READING, Pa. -
You can hear nature at work. It's busy building itself up, steadying itself, ready for what the world brings and ready to show off a bit.
"We always encourage people to come in and explore the park. You don't see the extensive network of trails that exist here from the roadside," explained Tami J. Shimp, Berks Nature's vice president of development and community relations.
Angelica Park in Berks County is within Reading's city limits. You'll find it just off Route 10.
"What's great about Angelica and what's worth the visit is all the different habitats that are within this close area," Shimp said.
If you haven't been out to the park in awhile, you may not even recognize it.
It changes with the seasons. There are 90 acres to explore: wetlands, riparian corridor, the pond, upland meadow and the woods.
All the trails are people and pet friendly.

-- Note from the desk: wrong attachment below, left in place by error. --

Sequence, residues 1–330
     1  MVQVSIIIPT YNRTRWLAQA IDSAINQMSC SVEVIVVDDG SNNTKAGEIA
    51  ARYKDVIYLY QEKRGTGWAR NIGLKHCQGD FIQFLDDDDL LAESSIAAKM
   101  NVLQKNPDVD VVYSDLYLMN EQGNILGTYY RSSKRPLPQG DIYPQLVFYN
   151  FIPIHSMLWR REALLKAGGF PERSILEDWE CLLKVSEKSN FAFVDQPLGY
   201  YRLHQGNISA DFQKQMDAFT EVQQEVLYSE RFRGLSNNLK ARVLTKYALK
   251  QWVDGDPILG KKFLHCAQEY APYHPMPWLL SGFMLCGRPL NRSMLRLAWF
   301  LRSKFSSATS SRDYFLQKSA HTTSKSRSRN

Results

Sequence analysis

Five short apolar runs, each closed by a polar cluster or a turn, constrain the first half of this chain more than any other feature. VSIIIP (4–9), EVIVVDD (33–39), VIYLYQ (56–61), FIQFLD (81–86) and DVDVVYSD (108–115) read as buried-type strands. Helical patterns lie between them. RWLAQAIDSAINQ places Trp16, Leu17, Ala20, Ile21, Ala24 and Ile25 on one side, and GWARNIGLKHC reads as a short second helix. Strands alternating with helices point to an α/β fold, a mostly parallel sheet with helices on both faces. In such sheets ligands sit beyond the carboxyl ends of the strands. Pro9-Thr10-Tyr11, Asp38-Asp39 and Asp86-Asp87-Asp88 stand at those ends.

"This has become a fantastic birding destination due to the abundant source of food that's here in the wetlands, and as well as our close proximity to the Schuylkill River," Shimp said.
Part of the park is under construction, making way for The Nature Place, but Berks Nature asks you to excuse the mess and, in the meantime, enjoy what the park has to offer.
In the middle of the pond, there's a new addition, a floating island. It's made out of recycled material and covered with 100 native plants, tussock sedge, blue flag iris, bulrush among them.
"This biohaven, also called floating island, is a new tool to help us improve water quality," Shimp said. "Basically, the park is a stormwater treatment facility."
If you could peek under the island, you'd see the roots in the water. It acts as a concentrated wetland by filtering and removing excess nutrients and pollutants.
The water you see in Angelica Creek flows into the Schuylkill River.
"The added bonus with the floating islands is that, once established, once the plants are a little bit larger and it's established, it serves as wildlife habitat, as well," Shimp explained.
Next to the floating island are two turtle loafing docks.
"We find more ducks on there than we do turtles," Shimp admitted.
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